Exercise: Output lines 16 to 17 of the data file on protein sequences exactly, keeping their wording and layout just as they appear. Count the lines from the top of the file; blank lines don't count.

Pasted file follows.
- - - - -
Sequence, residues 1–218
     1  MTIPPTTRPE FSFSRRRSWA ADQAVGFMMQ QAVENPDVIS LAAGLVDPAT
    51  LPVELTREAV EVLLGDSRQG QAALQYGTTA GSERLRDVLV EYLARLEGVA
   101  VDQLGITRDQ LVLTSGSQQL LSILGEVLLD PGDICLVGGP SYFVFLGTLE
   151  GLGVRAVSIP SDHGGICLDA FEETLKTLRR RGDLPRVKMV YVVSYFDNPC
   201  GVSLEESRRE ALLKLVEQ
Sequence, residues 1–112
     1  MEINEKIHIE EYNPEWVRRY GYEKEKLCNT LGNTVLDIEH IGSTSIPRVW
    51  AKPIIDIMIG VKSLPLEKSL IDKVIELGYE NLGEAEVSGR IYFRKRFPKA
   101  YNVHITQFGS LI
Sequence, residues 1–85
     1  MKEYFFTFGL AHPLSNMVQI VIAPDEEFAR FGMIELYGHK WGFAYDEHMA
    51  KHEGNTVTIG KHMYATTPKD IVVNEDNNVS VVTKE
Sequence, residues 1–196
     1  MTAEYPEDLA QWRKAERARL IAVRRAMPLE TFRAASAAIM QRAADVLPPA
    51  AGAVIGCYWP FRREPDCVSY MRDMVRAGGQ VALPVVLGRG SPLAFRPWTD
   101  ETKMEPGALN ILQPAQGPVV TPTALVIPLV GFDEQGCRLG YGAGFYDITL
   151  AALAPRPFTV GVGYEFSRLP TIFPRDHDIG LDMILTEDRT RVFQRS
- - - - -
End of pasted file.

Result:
    51  AGAVIGCYWP FRREPDCVSY MRDMVRAGGQ VALPVVLGRG SPLAFRPWTD
   101  ETKMEPGALN ILQPAQGPVV TPTALVIPLV GFDEQGCRLG YGAGFYDITL